You can access the weekly summaries, as well as previous summaries compiled by month, on our Court Decisions page.  We also organize court decisions by topic to make it easier to find the latest decisions addressing particular topical areas.   As we continue to post decisions by week, you can also follow OIP’s Twitter account, @FOIAPost, for the most up to date information on the additions to our site.

A New Opportunity for FOIA Training
June 12, 2012 Posted by

One of the core functions of the Office of Information Policy (OIP) is to provide training and guidance to agencies on the proper administration of the FOIA.  Throughout the year, our office regularly offers many training opportunities for agency personnel, covering a wide range of FOIA topics, providing a solid foundation for agencies to rely on for the day-to-day processing of FOIA requests.

With agencies across the federal government receiving and processing a record number of requests over the past several years, including many increasingly complex requests, our office is regularly asked to provide specialized training to help agencies improve their FOIA administration.  We also routinely hear that agencies would appreciate even more opportunities to attend training.

Today, I’m happy to announce the summer slate of our new Director’s Lecture Series of training seminars.  This summer slate will provide specialized training opportunities beginning this month, with additional lectures in July and August.  The June lecture will focus on “FOIA Fundamentals,” addressing such procedural topics as the requirement to assign tracking numbers, routing requirements for misdirected requests, “unusual circumstances,” multi-track processing, segregation of records, and making discretionary disclosures.  The details for this lecture, which is open to all agency FOIA personnel, are:

Director’s Lecture Series
FOIA Fundamentals
Department of Justice, Robert F. Kennedy Building
10th and Constitution Ave., NW – Great Hall
June 20, 2012, 10:00 am – noon

 Registration required.  You will need a picture ID to enter the building for this seminar.

We found that the regularity of our yearly training is a key factor in the success of these sessions, and that the specialized and individualized topics of our agency-specific training sessions is a big draw for agency personnel.  Our goal with this new Director’s Lecture Series it to complement the training already offered by our office, with focused sessions on specialized topics and the opportunity for discussion and an open dialogue with attendees.

The second and third lectures of this summer slate of training will take place on July 24th and August 15th.  As we get closer to these dates, the topics and any additional details regarding these lectures will be announced here on FOIA Post.   

If you are interested in attending this event, you can register by e-mailing your name and phone number to OIP’s Training Officer, Bertina Adams Cleveland, at  If you have any questions regarding this event, please contact Ms. Adams at (202) 514-1010.

FOIA Court Decisions Now Available Weekly
June 7, 2012 Posted by

In order to provide agency FOIA professionals and interested members of the public with more timely access to information on significant FOIA decisions, OIP will begin posting its summaries of court decisions each week, rather than each month.  As an example of this new format, the decisions for May 2012 have been posted as weekly files on our Court Decisions page, and the June court decisions will be the first month posted on a weekly basis.

The May decisions include a ruling by the Court of Appeals for the District of Columbia Circuit.  The case involved a request made to the National Security Agency, seeking any communications allegedly exchanged between the NSA and Google regarding encryption and cyber security.  The D.C. Circuit upheld NSA’s decision to neither confirm nor deny the existence of any records based on Section 6 of the National Security Act.  The full summary of this decision, Elec. Priv. Info. Ctr. v. NSA, No. 11-5233, 2012 WL 1654953 (D.C. Cir. May 11, 2012), is available in the summaries for the week ending May 11th.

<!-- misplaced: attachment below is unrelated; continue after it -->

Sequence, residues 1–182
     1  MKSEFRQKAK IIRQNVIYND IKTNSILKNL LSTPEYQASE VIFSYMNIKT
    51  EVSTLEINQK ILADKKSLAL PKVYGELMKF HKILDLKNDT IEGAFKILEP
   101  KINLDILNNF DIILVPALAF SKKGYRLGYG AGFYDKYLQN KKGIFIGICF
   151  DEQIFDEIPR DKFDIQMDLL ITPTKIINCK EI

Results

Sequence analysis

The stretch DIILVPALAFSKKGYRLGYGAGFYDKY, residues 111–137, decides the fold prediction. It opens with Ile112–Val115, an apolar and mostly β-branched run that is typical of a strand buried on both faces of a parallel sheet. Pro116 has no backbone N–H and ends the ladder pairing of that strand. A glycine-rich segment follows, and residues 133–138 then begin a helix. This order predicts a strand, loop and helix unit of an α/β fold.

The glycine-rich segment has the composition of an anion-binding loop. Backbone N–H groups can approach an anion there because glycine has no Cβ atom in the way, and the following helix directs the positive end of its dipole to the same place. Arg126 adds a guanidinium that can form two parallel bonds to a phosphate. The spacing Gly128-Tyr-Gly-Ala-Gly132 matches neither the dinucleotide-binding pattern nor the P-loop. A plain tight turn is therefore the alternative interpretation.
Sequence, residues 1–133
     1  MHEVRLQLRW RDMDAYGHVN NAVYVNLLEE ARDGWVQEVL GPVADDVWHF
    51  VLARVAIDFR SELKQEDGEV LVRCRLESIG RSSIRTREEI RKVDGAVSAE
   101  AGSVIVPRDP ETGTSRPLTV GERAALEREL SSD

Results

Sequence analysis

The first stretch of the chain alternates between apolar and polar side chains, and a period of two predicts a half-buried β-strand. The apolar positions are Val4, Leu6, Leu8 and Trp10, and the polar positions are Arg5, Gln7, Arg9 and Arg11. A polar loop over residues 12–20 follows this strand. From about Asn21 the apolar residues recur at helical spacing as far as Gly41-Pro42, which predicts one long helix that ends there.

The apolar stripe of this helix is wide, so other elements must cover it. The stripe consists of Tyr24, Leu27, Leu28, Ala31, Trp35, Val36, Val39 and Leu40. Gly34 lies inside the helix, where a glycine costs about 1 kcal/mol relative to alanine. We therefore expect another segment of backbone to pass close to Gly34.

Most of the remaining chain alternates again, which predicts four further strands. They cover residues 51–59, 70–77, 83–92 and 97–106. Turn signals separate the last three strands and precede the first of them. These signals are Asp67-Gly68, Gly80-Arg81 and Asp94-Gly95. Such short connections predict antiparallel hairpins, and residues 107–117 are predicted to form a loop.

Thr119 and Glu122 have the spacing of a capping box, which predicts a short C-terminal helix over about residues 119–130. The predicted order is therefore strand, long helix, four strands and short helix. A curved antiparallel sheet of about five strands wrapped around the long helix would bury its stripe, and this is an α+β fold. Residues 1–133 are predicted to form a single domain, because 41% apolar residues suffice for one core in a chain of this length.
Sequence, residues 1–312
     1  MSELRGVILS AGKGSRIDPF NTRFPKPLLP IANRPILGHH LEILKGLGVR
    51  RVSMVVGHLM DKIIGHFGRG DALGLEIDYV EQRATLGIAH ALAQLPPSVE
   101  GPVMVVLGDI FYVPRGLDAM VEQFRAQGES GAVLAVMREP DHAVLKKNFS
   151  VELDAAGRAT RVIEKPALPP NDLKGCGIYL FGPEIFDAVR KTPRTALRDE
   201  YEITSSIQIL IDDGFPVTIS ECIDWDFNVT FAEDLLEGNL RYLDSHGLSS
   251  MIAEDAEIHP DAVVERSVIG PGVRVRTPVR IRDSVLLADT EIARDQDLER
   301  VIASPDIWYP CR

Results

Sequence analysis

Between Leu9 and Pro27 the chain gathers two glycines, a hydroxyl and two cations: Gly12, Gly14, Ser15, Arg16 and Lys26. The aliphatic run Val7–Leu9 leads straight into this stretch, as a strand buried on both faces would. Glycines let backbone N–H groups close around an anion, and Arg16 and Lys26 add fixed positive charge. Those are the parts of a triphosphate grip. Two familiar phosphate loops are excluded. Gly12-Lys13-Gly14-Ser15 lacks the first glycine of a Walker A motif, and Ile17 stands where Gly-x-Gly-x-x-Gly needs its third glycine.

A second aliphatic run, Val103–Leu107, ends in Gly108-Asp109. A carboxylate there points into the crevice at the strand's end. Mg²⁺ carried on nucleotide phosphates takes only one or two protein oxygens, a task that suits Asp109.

You can access the weekly summaries, as well as all our previous monthly case summaries, on our Court Decisions page.  We also organize court decisions by topic to make it easier to find the latest decisions addressing particular topical areas.   

Implementing the Open Government Plan 2.0: Monthly FOIA Logs
May 23, 2012 Posted by

During the Department’s Sunshine Week Celebration, Attorney General Holder announced that the department:

“Will begin posting monthly FOIA logs for requests made to my office, the offices of the Deputy Attorney General, the Associate Attorney General, and other senior leadership offices.  These logs will publicly identify the subject matter and disposition of each request – bringing greater transparency to the FOIA process and making it easier for people to located information that may be of interest to them.”

Today we launched this initiative, which was also noted in the Department’s Open Government Plan version 2.0, by posting in our FOIA Library the FOIA logs for January, February, March, and April 2012, listing the FOIA requests closed during these months by our office. 

The monthly logs list requests processed by OIP, which include requests sent to the department’s senior leadership offices as noted by the Attorney General, in addition to the Offices of Legislative Affairs, Legal Policy, Public Affairs, Intergovernmental and Public Liaison (now a part of the Office of Legislative Affairs), as well as requests for OIP’s own records.

For each entry, these FOIA logs provide:

  • the request number;
  • the date the request was closed;
  • a description of the records sought;
  • the disposition of the request (how it was closed); and
  • a listing, and description, of any FOIA exemption applied to the request

Logs are posted as both PDFs and as open format CSV files.  In order to provide as much information as possible with these monthly postings, these logs do not contain entries for requests made by individuals for records on themselves.

By posting these logs, you can easily identify previously processed records that are of interest and gain insight into the FOIA operations at the Justice Department.

You can view all of the posted monthly FOIA logs, as well as other documents made available by OIP, here.